Their excitement was palpable. It took the form of beer cans, sun burnt faces, and, in the case of Alex Weber ’06, a placard reading, “Done with my THESIS.”

Thesis writers sprawled out on Foss Hill yesterday, the final deadline for project submissions, in celebration of what for some has amounted to more than a year of research.

Particularly in the last few weeks, thesis writers’ routines have included late-night editing sessions and last-minute revisions. Their relief, in contrast, was overwhelming.

“It’s fun dumping loads of books on the counter and seeing facial expressions slip from horror to resignation,” said Alan Witt ’06, who borrowed over 90 books from Olin.

When the initial excitement fades, however, it is often replaced by feelings of emptiness and even sadness.

“When I just finished I was happy with it and then I decided I hated it,” said Christie Roberts ’06. “So I decided not to think about it. It’s a bit like postpartum depression.”

“I miss it and I think about it all the time,” said Bronwyn Wallace ’06. “Handing it in, I felt like a mother feeding her baby to a dragon. Also, [I feel] fantastic. I’m proud of my monstrous progeny, even if I did have to feed it to the dragons in the end.”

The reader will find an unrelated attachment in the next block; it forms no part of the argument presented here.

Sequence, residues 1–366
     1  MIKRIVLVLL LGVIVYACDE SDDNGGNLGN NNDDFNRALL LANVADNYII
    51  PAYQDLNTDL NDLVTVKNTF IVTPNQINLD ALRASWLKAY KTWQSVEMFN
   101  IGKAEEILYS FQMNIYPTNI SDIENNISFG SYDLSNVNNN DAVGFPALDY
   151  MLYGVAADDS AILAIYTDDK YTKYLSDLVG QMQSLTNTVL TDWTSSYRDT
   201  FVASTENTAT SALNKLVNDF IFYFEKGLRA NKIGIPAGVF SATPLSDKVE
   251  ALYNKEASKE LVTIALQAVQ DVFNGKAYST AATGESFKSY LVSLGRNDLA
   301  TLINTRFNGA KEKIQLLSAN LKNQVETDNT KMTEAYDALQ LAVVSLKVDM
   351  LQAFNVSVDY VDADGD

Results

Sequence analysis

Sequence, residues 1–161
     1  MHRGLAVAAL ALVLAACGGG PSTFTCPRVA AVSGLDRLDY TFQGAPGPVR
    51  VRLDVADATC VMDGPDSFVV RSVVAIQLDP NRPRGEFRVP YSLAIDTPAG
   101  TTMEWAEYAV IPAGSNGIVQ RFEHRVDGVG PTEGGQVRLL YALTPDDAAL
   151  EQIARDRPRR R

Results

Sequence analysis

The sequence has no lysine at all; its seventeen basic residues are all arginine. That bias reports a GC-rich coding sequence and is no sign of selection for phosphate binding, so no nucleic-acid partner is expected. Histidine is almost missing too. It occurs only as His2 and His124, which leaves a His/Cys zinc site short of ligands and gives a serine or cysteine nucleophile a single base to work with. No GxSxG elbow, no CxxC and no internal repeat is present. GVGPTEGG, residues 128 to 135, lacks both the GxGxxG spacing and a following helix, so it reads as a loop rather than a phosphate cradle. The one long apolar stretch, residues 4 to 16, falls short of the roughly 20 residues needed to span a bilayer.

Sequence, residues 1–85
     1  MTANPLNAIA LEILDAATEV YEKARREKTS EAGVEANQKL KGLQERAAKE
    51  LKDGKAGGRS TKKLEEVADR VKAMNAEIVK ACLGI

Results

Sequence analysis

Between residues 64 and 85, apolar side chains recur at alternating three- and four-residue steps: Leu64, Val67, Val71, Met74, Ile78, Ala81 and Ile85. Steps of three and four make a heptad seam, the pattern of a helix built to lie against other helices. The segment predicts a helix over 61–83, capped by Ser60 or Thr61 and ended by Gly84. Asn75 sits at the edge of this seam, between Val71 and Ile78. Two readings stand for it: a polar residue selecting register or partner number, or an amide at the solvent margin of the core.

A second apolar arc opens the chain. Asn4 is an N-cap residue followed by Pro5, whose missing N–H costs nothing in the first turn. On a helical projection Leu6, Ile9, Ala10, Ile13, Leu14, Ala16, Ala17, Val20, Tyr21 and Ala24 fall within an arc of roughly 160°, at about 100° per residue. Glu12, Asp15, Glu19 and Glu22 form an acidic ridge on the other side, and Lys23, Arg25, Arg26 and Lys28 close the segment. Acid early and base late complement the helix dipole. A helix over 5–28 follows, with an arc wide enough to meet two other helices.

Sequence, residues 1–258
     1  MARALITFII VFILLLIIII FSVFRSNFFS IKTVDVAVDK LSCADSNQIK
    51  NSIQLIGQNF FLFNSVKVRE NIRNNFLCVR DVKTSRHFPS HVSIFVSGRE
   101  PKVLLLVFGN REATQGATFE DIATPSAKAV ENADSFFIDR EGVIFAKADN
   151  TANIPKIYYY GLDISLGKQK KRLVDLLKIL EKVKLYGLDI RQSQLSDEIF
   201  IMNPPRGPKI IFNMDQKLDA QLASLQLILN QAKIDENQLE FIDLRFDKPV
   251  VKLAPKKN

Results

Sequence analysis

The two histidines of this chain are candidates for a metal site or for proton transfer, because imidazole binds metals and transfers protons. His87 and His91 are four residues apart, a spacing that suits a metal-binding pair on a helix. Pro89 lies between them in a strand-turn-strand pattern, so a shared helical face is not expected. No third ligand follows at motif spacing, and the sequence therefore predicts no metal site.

For Wallace, who said her carrel became a ‘home,’ her schedule of late is not the only thing at stake. She will miss her thesis itself and, and perhaps more importantly, the thrill of innovation.

“The last week was when I loved it the most,” Wallace said. “I got to read it over, see a coherent argument where I didn’t expect one, and think ‘Hey, that was a great point to make!’ or ‘Gee, that was smart of me.’”

Even students who say they are glad to be finished are having difficulty not thinking in academic terms. Andrew Rozas ’06, for instance, who wrote a screenplay as a creative thesis for the American Studies department, said he has already begun work on a new script.

“Right after I finished I was too jazzed to sleep,” Witt said. “It was hard to sleep with all the catchphrases from my thesis bouncing around my head.”

“It’s still in my head,” Weber said. “I keep wanting to go back and edit and do stuff, but I’m really glad to be done with it.”

In the short term at least, thesis writers balk slightly at being asked about their future plans.

“What does it look like I’m doing?” said Sarah Montgomery ’06, raising her bottle of beer.

“I need to do laundry,” said Jess Schoolman ’06.

Many of her companions, also celebrating their theses, murmured in agreement.

Once their giddiness subsides, thesis writers must do in six weeks what the rest of their class has been doing for seven months: enjoy their final year at college, unfettered.

“This is the last appropriate time of your life to drink in daylight and to just not really know what your purpose is,” Roberts said.

“I’ve got two months left with people who mean a lot to me and I haven’t gotten to spend any time with them,” Weber said. “[I plan on] running around barefoot with the people I care about.”

He insists he delivered his thesis barefoot as well.

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